• According to data from the U.S. Food and Drug Administration, compliance checks in Utah from 2016 and 2017 show in 2,630 compliance checks, only 115 businesses were in violation of selling a tobacco product to a minor, and the majority of those businesses are convenience stores, not vape shops.

Lawmakers in Utah have introduced legislation that would apply an 86.5 percent tax on e-cigarettes and vaping products. The legislation’s author intends to put “the price point up” to make it difficult for youth to purchase e-cigarettes. While addressing youth e-cigarette use is commendable, the draconian tax that would be placed on tobacco harm reduction (THR) products would threaten the public health gains e-cigarettes provide and hurt small businesses. Moreover, less than 10 percent of the funds that would be generated by the proposed tax would go toward tobacco prevention and education, as more than 90 percent of the expected revenue is earmarked to the state’s General Fund.

Electronic cigarettes and vaping devices are considered THR products. Electronic cigarettes heat a solution of water, nicotine, propylene glycol, vegetable glycerin, and a flavoring to produce a vapor that is less harmful than the smoke produced by the 7,000 chemicals contained in combustible cigarettes.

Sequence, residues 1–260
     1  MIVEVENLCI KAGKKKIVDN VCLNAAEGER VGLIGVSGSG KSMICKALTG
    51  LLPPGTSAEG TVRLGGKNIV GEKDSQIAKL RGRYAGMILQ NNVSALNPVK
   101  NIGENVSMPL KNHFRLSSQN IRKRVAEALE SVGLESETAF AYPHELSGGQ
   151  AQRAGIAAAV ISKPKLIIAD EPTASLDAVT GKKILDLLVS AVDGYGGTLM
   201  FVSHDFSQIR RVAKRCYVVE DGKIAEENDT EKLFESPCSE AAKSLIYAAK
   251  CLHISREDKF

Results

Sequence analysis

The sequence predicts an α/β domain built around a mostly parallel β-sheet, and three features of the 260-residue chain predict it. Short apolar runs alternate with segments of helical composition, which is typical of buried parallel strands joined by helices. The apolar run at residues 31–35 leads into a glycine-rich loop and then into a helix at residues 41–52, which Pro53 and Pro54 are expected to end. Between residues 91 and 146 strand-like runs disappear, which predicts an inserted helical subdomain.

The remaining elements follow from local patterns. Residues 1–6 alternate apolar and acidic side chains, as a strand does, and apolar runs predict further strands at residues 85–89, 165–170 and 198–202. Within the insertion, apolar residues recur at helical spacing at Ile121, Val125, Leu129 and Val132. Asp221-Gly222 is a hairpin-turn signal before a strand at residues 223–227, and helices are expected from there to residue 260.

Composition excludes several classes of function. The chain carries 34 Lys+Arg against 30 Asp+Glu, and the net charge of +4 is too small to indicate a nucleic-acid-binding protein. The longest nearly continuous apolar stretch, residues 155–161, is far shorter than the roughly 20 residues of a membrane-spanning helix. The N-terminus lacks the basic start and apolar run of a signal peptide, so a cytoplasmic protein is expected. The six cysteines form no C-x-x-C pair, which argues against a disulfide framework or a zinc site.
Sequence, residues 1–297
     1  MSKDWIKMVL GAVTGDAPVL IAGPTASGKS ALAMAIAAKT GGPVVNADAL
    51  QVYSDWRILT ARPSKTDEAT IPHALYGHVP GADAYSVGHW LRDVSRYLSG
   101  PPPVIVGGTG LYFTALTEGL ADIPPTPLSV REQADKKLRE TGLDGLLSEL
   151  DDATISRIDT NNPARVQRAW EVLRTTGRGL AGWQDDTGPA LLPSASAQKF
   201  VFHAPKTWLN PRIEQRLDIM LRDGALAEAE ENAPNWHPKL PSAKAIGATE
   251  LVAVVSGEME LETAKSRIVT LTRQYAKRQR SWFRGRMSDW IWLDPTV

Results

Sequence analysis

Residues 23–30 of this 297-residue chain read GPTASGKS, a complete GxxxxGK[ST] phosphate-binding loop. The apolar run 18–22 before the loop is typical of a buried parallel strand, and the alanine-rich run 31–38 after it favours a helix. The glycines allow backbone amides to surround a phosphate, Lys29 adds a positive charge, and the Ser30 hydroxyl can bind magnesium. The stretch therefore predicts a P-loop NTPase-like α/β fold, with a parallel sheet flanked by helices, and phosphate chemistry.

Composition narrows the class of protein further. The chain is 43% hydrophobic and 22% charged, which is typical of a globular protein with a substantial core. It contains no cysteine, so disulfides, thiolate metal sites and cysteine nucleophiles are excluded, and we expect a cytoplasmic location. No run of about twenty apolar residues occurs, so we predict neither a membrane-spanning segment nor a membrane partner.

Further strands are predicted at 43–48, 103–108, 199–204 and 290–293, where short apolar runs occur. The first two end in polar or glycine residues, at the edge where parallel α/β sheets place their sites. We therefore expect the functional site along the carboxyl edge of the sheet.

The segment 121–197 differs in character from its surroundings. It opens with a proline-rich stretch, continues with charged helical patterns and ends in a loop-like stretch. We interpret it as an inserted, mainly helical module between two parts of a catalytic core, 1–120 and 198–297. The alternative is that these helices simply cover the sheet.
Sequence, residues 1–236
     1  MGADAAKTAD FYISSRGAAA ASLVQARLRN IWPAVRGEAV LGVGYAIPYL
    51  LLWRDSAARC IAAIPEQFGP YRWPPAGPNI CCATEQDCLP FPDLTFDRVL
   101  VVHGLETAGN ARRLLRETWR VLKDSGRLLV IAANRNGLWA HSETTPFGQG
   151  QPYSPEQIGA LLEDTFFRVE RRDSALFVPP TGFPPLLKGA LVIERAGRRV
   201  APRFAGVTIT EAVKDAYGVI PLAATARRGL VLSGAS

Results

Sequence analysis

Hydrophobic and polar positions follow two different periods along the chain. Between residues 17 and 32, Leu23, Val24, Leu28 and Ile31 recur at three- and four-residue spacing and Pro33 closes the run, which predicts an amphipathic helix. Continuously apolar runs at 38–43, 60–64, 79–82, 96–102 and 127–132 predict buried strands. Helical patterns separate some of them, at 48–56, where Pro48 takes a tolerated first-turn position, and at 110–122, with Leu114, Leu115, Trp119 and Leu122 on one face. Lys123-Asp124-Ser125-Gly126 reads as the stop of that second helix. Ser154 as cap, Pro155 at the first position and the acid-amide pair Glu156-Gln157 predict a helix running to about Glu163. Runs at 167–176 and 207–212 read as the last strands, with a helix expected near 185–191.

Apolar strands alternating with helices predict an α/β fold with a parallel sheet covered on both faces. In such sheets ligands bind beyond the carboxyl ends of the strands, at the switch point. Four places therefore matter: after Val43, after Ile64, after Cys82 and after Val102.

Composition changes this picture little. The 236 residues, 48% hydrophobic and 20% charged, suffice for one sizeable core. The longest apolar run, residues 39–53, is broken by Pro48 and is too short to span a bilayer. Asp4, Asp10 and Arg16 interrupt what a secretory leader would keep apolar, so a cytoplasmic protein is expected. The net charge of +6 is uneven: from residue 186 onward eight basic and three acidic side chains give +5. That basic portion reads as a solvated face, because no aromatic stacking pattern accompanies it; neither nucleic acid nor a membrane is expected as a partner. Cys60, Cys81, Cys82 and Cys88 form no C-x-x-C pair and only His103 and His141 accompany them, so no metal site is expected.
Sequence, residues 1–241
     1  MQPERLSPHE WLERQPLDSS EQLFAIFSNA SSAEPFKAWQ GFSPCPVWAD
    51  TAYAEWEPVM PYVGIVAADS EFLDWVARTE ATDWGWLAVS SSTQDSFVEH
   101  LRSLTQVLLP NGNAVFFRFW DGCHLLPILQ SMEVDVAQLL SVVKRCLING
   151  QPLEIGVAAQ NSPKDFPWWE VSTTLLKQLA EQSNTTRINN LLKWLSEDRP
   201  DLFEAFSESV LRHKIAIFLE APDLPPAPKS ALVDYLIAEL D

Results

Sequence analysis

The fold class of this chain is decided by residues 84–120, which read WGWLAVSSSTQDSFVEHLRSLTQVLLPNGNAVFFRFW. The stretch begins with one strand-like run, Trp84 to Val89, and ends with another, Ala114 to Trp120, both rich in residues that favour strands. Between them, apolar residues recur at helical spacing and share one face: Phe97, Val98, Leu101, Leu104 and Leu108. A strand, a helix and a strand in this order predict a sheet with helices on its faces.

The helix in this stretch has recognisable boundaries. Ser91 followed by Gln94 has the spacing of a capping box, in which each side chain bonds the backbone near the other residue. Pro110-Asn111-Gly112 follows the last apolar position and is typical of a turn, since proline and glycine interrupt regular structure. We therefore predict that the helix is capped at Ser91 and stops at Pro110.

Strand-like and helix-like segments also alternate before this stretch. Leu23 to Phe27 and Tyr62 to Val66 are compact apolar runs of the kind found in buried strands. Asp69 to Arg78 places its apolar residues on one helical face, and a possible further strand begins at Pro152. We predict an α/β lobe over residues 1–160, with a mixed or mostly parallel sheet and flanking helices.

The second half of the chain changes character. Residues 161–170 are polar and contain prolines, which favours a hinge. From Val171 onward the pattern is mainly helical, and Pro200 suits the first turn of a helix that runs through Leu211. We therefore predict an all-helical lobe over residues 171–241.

Numerous public health groups have determined e-cigarettes are much less harmful than combustible tobacco products. In 2018, the American Cancer Society noted, “the exclusive use of e-cigarettes is preferable to continuing to smoke combustible cigarettes.” The same year, the National Academies of Sciences, Engineering, and Medicine determined switching from combustible cigarettes to e-cigarettes “results in reduced short-term adverse health outcomes in several organ systems.”